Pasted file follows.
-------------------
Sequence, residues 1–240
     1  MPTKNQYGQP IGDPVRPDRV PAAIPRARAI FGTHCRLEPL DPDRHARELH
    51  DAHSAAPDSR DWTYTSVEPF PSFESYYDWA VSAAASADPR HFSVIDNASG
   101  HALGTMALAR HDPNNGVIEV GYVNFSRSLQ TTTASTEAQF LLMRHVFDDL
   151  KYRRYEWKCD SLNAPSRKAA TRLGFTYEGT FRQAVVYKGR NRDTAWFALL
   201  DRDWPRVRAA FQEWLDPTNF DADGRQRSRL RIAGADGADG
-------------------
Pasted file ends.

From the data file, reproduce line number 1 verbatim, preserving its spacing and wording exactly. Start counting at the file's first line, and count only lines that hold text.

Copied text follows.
Sequence, residues 1–240